3G data services are bringing desktop-like experiences to mobile laptops and voice/data smartphones.
Don't underestimate 3G data services, industry experts say. These offerings will tie mobile laptops and voice/data smartphones into corporate networks with something approximating a useable desktop computing experience.
"Mobile broadband laptops are a Big Deal," says Rajeev Chand, director of wireless research for Rutberg & Co., a San Francisco investment bank. "It's driving real traffic for carriers."
That's because enterprises are using 3G to do real work. A recent survey by Chadwick Martin Bailey of 114 IT decision makers at companies with 1,000 or more employees found that 48% said they're using 3G services, and that another 22% plan to start within the next 12 months.
"There's no 'killer app' for 3G," says Paul DeBeasi, senior analyst for wireless and mobility, Burton Group, technology research and advisory company. "But it does mean easier access to information, faster customer response times to customers, always-available access to databases, and increased job and work flexibility."
"3G" refers to Evolution-Data Only (EV-DO) and High-Speed Downlink Packet Access (HSDPA), with downlink speeds of 500K to 700Kbps, and uplink speeds of 60K to 100Kbps. Enhanced 3G networks, such as EV-DO Revision A and High-Speed Uplink Packet Access (HSUPA) improve the uplink by about three times that speed, and offer about 1Mbps download speeds.
This is a far cry from 100Mbps Ethernet to the desktop. But most of the applications running over that cable don't require anything like 100Mbps. 3G networks, in effect, let you take your "desk" with you.
"It's not like plugging into an RJ-45 jack, but we're getting closer all the time," says Craig Mathias, a Network World blogger and tester, and principal for Farpoint Group, a wireless and mobile consulting firm. Mathias says anything you can do in the office you can now do outside the office with 3G…provided you have coverage, provided the mobile carrier has the needed capacity, provided you have the right handheld.
"It means that field applications can become 'richer,'" says Tom Henderson, a Network World Clear Choice tester and managing director for ExtremeLabs, a technology testing and research lab in Indianapolis. "You can have more multimedia [in applications] without latency issues, and it permits a lot more tools and applications on the device." The corollary is that the Web sites accessed by 3G mobile users will be able to make more use, and more sophisticated use, of rich media compared with static HTML pages, he says.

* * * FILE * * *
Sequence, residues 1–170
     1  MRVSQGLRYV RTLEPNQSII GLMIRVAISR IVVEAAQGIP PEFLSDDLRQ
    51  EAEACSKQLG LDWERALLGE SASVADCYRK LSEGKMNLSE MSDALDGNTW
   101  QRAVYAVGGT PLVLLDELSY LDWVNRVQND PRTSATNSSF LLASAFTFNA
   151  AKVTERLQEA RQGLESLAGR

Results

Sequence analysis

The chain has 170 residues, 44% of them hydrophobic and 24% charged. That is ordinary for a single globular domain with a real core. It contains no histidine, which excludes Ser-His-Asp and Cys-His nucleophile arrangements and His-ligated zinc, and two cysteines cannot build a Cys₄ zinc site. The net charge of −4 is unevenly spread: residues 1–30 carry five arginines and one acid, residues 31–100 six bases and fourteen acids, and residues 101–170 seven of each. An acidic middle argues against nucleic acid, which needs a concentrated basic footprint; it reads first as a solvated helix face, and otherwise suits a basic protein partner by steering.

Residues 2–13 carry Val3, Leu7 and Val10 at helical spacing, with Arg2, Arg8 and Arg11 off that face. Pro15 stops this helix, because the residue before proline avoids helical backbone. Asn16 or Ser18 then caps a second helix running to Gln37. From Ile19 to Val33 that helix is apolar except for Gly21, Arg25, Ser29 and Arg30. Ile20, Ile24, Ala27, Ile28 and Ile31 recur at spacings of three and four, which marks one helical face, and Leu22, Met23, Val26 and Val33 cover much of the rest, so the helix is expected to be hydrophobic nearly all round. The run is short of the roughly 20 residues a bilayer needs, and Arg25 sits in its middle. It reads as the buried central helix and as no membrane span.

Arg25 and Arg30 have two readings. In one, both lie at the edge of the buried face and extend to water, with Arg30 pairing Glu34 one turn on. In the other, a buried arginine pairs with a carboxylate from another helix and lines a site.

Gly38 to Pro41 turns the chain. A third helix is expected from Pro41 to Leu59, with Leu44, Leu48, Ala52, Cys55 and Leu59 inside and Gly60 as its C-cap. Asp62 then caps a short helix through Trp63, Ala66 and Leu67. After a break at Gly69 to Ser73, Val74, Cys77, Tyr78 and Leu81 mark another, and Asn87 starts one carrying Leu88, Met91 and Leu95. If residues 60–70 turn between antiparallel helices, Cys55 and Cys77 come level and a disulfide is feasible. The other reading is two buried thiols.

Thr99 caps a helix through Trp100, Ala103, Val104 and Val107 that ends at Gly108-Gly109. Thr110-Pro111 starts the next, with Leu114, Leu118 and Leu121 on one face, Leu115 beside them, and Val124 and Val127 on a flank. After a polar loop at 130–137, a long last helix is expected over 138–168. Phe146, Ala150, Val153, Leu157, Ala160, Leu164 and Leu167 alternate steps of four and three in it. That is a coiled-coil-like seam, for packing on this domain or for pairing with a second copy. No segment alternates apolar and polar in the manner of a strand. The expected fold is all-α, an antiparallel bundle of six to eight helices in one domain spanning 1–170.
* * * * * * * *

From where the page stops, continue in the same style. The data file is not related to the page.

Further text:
"This seems like an obvious migration to me," says Ken Dulaney, a vice president covering wireless for Gartner. "Enterprise IT will move to 3G simply because the [mobile] operators will move it there. 3G will enable more data from laptops, and will improve some handheld experiences where browsing is important."
Earlier this year, Gartner changed its advice about not buying laptops with embedded 3G radios. Until now, an embedded card tied the laptop to one carrier's cellular network, and service plans were costly, especially when users incurred roaming charges. Dulaney says that by 2009 IT can plan on 3G laptops lasting three years without needing a wireless upgrade. And that's desirable, he says, because internal communications modules outperform USB or card modules. And mobile carriers are offering more competitive service plans and options.
But companies should look closely at the ROI calculation: plenty of workers don't travel enough to warrant $600 a year for 3G data service, especially with Wi-Fi hotspots and Ethernet access at many hotels priced at $10 to $20 per day, and sometimes even for free. But Dulaney's April report noted that Verizon Wireless offers a $15 pay-as-you-go data service for laptop users, worth considering as an alternative to Wi-Fi plans.
In the United States, mobile carriers are scrambling to expand their 3G scope and reliability, including better indoor coverage. The reach of those networks, their actual throughput (which is shared by users linked to a given cell), and reliability can as a result vary widely. Enterprise IT executives need to know the requirements of their mobile end users, and map these to the devices, service plans and infrastructure costs (including device management, security and support) needed to satisfy them.
Those infrastructure costs, including business process re-engineering, could be substantial. Today's IT infrastructure is optimized for desktop productivity, Mathias says. Re-orienting to optimize for mobile productivity will be a "fairly large shift in thinking," he says.